For thousands of years, the Lakota People existed in harmony with the land and roamed a massive expanse of the Great Plains in North America encompassing the general area that includes modern day Minnesota, North and South Dakota, Montana, Wyoming, Nebraska and parts of Colorado.
Occasionally, Europeans, Spanish and eventually citizens from the newly formed United States of America would travel through the lands of the Lakota. Although there was some conflict, the relationships between the Lakota and the newcomers were more often than not based on trade and respect.
But, as more new Americans began to settle in the area, they did not understand the Native American relationship with the land and how they lived. Many efforts were made to co-exist and treaties were signed to address the influx of White settlers into the area including the 1868 Fort Laramie Treaty, which set aside the Black Hills (He Sápa) and surrounding area for the Lakota people in perpetuity.
However, as soon as gold was discovered in the Black Hills, six years later, this treaty was no longer honored, and the US Government began sending large numbers of soldiers and settlers to the region who began building many fortifications, clearing the land, building homes and farms, fencing wide spread areas and bringing non-native animals to the land that introduced new and deadly diseases to food sources of the Lakota. This made it difficult for the Lakota People to continue to hunt, fish, and travel as they had done for thousands of years.
Soon soldiers began forcing the Lakota, and all native tribes, on to Indian reservations, and many of the great leaders of the Lakota – Sitting Bull, Crazy Horse, Red Cloud – saw their People's Way of Life being destroyed and led efforts of great resistance and fighting. This included the Battle of the Greasy Grass (widely known as the Battle of the Little Big Horn) in 1876 in which General Custer and the 7th Cavalry was defeated.
Following this defeat, the United States military, redoubled its effort to confine all Native Americans to the reservation system ultimately quelling any armed resistance with the massacre at Wounded Knee on December 29, 1890. Today, memorial markers are at the site of the "Wounded Knee Massacre" on the Pine Ridge reservation and descendants of the survivors still live in nearby towns.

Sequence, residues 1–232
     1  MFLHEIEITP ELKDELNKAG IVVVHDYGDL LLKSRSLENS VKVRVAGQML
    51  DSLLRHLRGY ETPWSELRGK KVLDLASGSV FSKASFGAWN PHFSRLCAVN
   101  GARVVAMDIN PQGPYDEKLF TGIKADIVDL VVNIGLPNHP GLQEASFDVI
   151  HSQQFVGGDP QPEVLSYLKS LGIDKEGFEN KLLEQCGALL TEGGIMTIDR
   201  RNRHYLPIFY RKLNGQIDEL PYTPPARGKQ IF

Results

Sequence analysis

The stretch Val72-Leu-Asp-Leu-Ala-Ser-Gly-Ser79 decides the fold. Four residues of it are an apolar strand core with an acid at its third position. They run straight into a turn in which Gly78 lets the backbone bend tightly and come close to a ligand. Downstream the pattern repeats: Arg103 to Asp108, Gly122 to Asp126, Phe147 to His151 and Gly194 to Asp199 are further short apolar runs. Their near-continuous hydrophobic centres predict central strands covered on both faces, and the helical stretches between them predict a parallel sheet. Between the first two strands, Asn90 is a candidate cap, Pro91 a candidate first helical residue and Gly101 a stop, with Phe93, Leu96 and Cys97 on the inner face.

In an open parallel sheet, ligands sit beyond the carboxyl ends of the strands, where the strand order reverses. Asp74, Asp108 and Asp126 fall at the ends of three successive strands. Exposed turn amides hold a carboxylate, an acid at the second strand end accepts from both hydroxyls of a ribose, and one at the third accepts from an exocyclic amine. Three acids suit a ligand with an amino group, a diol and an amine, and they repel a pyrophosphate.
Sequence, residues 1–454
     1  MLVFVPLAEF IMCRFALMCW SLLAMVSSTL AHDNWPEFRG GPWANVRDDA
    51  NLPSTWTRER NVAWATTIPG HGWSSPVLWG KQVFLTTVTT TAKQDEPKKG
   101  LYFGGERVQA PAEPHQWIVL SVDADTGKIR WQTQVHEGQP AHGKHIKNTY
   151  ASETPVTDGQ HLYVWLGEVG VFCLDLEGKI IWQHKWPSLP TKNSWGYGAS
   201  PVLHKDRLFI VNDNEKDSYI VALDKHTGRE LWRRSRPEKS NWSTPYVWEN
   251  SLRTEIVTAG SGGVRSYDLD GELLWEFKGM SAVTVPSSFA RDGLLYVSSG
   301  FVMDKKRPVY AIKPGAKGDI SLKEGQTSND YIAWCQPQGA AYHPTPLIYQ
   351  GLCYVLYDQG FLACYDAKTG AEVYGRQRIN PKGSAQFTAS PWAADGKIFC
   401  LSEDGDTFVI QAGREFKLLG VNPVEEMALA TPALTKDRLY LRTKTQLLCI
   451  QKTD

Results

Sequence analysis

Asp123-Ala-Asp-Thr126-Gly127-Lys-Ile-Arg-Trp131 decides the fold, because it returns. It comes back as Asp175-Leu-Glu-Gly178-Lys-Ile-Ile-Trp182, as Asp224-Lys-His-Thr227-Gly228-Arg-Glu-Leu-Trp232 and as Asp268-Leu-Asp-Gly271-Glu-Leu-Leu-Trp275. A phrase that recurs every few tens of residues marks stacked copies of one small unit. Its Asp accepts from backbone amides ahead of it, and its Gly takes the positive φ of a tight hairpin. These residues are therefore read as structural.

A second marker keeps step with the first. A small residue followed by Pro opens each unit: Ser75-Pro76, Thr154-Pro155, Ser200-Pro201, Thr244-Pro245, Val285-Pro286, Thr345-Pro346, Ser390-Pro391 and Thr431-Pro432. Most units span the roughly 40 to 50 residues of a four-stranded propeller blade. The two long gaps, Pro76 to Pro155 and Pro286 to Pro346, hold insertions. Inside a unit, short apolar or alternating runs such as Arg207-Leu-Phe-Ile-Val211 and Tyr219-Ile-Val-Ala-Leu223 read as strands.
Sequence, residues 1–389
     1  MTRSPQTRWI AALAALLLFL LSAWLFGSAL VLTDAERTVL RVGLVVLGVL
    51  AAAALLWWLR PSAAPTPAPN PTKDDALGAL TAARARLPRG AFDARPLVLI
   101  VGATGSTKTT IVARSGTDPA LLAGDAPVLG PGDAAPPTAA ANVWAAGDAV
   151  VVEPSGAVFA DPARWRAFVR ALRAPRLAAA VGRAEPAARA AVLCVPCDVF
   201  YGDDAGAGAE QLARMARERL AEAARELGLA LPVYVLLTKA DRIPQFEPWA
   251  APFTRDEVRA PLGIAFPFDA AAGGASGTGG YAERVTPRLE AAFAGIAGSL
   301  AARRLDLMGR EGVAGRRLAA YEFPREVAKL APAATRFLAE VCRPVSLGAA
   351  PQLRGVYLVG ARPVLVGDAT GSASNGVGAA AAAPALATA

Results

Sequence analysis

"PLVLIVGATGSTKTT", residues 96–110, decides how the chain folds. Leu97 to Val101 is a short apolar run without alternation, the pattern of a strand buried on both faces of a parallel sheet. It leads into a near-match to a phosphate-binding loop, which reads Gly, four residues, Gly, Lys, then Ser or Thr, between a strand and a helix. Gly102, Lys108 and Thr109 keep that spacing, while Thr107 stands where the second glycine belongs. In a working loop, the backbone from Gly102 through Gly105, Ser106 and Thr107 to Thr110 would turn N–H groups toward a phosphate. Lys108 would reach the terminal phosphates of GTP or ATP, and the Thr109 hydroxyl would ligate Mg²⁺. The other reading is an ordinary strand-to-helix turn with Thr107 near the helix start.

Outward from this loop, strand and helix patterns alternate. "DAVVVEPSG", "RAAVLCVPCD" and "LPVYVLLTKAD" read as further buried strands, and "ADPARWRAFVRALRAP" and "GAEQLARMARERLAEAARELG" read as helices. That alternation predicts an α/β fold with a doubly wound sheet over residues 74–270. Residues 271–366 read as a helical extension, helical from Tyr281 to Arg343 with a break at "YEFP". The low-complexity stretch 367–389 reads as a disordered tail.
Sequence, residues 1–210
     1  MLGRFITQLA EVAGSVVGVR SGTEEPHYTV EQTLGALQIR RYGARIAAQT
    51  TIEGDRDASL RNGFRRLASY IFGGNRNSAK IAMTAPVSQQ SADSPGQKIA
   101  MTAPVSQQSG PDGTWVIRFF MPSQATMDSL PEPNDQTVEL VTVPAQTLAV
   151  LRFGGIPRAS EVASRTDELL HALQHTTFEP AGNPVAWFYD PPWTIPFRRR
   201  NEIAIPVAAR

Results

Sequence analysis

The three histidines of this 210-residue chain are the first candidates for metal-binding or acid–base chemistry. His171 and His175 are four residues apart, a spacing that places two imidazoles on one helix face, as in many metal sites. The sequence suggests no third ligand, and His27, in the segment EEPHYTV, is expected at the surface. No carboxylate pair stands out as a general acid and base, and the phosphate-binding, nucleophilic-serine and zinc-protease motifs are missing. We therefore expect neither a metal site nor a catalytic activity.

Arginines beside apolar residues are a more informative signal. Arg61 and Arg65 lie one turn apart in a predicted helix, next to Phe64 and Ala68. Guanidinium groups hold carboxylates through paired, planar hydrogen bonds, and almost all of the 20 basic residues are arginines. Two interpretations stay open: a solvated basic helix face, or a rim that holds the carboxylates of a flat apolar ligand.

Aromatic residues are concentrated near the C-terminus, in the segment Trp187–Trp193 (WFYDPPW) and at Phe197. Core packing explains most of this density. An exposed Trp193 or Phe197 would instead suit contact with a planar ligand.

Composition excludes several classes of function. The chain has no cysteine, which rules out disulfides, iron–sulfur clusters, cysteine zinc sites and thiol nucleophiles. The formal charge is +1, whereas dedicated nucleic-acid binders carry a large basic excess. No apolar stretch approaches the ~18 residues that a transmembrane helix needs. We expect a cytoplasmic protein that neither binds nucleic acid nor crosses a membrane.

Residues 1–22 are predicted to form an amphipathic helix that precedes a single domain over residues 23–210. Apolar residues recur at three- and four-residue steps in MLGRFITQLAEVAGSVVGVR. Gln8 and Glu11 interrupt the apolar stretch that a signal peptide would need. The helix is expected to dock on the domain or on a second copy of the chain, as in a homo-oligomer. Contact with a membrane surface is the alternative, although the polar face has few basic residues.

When the United States Government ordered the Lakota onto the reservations in South Dakota, they set into motion a chain of events that government officials at the time probably did not fully understand. It is clear that there were many in the US (public and private citizens) that wished for the extermination of indigenous people – a policy of genocide. However, it is also clear that the "Indian problem" was complex, emotionally charged, fraught with fear and lacking a clear humane historical precedence as well as enlightened leadership in the most significant levels of government at the time.
The result was the forcible extraction of a People from their homes, their historical lands, way of life, livelihood and indeed the assassination of those People's greatest leaders (Crazy Horse, Sitting Bull, Big Foot, et. al.) as well as a series of promises and commitments that were ill advised, doomed to failure from the beginning and ultimately betrayed. As Supreme Court Justice Harry Blackmun wrote in 1980: "A more ripe and rank case of dishonest dealings may never be found in our history". Those betrayals, missteps and acts of vengeance and violence are directly responsible for creating a culture and People struggling to find a way to live in the Modern World while reteaching itself their way of life that led them to such heights for so long.
The Lakota people remain committed to the return of their Sacred Black Hills as well as a return to the wisdom and traditions that nurtured their societies' survival for thousands of years.
The Tipi Raisers is a registered nonprofit in Colorado and South Dakota and recognized by the Internal Revenue Service as a 501 (C)(3).
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